The use of language signals is so much more than simple words. It signals a safe space and a commitment to care and have empathy and understanding of others.

To appeal and connect with a diverse audience, your communication must ‘talk’ to the individuals within your coaching environment and local community. Understanding that everyone is unique and accepting of others' differences are key components of diversity. The same applies when it comes to communication. To be able to do this effectively, you must understand the audience and shape the message in a way that would appeal to the majority.

Understanding cultural variations and being mindful of how your message will be interpreted is difficult when your audience is diverse, regardless of the format. The need to be sensitive to how others may interpret these and use your interpersonal skills, emotional intelligence, and tact, to effectively pass on your message.

Using inclusive language in your coaching:

  • Someone’s name is part of their identity and making the effort to learn the correct pronunciation shows that you value the person and respect their identity.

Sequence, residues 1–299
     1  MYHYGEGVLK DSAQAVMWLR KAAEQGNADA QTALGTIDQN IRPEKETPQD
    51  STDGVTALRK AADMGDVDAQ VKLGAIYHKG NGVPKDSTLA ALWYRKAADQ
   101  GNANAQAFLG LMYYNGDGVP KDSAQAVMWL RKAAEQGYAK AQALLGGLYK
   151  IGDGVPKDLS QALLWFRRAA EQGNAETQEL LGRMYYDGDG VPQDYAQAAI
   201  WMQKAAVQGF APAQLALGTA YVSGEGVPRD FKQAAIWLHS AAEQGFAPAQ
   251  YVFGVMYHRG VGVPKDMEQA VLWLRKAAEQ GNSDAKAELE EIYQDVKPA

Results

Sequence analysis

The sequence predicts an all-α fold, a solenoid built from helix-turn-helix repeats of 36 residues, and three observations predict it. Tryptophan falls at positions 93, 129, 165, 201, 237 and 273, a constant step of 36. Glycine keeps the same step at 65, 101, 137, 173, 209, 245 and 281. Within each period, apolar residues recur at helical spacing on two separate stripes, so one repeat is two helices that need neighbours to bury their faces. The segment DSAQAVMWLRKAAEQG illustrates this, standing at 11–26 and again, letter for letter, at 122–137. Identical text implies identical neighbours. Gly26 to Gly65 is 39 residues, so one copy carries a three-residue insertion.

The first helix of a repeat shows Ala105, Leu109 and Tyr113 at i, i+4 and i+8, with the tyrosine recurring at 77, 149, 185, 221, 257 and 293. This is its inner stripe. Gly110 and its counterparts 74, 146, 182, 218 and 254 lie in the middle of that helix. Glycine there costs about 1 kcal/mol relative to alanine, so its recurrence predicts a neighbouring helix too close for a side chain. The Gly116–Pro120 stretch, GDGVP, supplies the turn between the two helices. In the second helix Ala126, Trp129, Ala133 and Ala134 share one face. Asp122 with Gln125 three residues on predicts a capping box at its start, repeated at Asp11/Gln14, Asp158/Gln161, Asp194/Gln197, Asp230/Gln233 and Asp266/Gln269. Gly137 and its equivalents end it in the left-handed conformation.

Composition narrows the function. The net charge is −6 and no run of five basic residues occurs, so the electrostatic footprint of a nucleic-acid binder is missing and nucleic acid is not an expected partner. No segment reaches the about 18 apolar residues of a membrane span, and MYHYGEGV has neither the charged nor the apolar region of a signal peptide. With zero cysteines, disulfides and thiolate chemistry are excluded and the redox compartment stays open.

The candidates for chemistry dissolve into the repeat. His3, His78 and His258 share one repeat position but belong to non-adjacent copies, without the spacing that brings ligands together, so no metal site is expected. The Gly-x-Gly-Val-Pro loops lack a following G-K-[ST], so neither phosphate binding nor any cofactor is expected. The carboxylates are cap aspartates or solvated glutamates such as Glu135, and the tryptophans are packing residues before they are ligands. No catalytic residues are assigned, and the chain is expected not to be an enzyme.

• Using pronouns. For most of us, using pronouns isn’t about ensuring people know which pronouns we use: it’s about highlighting that we are allies to the trans community.
  • Using the correct language and terms when discussing disability, impairments and long-term health conditions e.g., wheelchair users, non-disabled people, autistic people, etc.
  • Be clear and concise. When communicating to a diverse audience, keep the language clear, concise, and direct. Avoid jargon, slang terms, euphemisms, and local expressions.
  • SLIM your communication: Say Less. Impact More. Consider what you want to say, when you will say it, and who you will say it to.